by B.B. Pelletier

Vince is an airgun fixit guru. He’s been on a roll lately and has sent me a number of great guest blogs about fixing airguns, taking junker guns and making them whole again, and making airgun parts.

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by Vince

To B3 or not to B3…that, as they say, was the dilemma of the day.

You know, there’s a dark side to being a collector (sort of). I’m up to about 70 air rifles and have room for about 20 or so more, so I’m just sniffing around for stuff I don’t have. I came across a gentleman selling a box of guns, four in all–well, three-and-a-half, actually–for pretty cheap, and I had examples of NONE of them! Two were Shanghai-built Industry Brand B3 airguns, one was an unidentified Chinese sidelever and the last was the action part of a QB51.

I’ll cover the sidelever in another blog, but the B3 guns…What can be said about them that hasn’t already been said? Love ’em or hate ’em (and there’s no shortage of shooters that go both ways), it doesn’t change the fact that I DON’T HAVE ONE. Imagine a rich Mustang collector; he NEEDS to have a 1974 Mustang II Ghia with a 2.3L 4-cylinder and an automatic in his collection. It’s a horrid little car, but that doesn’t matter. There’s a spot for it.

But not two. So, I test-fired the B3s; one’s a .177, the other’s a .22. I ditched the .177. It was actually smoother and more accurate, it wasn’t missing its rear sight, and although velocity was low (no better than the .22, really), it was obviously the best one. I figured I could get $15 for it as opposed to $5 for the .22. I WAS RIGHT! Sold it in no time!


The .22 B3. At least I found a home for my $5 scope!

I’d recently been testing .22 pellets to find out what worked best in some of my lower-powered guns. When I was done, I figured “What the heck? I’ll see what the B3 likes — if anything!” I got exactly 2 shots off before the bad cocking cycle got to the point of “You try to cock me one more time, and you’ll regret the day you were born!”

Hence, my pickle.

I hate to let anything good go to waste. Since I seldom buy ANYTHING good, I rarely get the chance. But, that attitude sorta spills over into the not-so-good, the pretty bad and (not infrequently) the trash. And, so, I started wondering (for some strange reason), if I ought to even put five minutes into this thing. I mean, “time is money, money’s scarce and that ain’t funny!” I never made a habit of taking personal advice from The Kinks, so the B3 goes to the workbench.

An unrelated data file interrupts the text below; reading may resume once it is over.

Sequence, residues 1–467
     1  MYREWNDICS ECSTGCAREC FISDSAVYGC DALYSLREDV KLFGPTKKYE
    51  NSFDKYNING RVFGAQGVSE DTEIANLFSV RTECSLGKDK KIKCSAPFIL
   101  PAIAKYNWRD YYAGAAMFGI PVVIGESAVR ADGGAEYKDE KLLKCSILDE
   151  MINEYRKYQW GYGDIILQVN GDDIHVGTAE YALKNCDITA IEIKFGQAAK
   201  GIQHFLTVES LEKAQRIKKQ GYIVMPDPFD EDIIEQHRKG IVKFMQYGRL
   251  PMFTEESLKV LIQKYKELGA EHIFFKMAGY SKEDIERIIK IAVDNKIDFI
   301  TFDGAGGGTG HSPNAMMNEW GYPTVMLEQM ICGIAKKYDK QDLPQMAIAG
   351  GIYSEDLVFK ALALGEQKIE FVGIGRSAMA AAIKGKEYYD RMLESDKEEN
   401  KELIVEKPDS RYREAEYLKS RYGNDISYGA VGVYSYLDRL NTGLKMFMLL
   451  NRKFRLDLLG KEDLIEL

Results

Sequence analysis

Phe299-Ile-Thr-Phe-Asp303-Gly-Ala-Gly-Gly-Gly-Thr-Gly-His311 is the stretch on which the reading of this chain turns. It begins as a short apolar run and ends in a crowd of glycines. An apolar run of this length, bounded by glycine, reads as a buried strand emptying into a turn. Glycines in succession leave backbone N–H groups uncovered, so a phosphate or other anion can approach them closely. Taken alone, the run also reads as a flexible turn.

The B3 action comes apart in the usual fashion, and the wonders of bottom-feeder Chinese engineering become immediately apparent.

The circles show the half-baked way in which the articulated cocking link is kept in place. No fancy rollers or bearings for the B3! We’ll make do with a plastic button and some perpendicular serrations on the link JUST TO MAKE SURE the button wears out fast! Ah, but they didn’t count on MOLY! I’ll foil their plans for premature wear!

Next, I took apart the trigger. Fortunately, it waited for me. Shanghai uses non-peened pins for the trigger blade pivot and stop, and sometimes everything falls out on its own accord when the action is taken out of the stock. When the gun is assembled, the close fit of the stock keeps them in place. Or, at least, in the same neighborhood.


The trigger.

For longtime readers of this blog, these parts might look just a tad familiar. Go waaaaayyyyyy back to B.B.’s review of the TS45. No, not the one he did in September 2009. You have to reach back to January 2007.

You’ll see the neat X-rays of the trigger. Very similar. If you want to try to smooth the trigger action, all you have to do is smooth the areas circled above. I hope that the hardening treatment at the factory went deeper than .0000001 inches. You could even play with the angles! Given that this is a sliding-cylinder gun that can de-tip your digits, I’m going to leave it be.


Next, out comes the pivot for the cocking lever: a simple screw that also contains the front sling swivel.

The whole cocking linkage assembly just lifts out. That leaves the trigger interlock exposed, which can be yanked after removing the one screw that holds it in.

Tune in tomorrow to see the rest of Vince’s disassembly and the reassembly!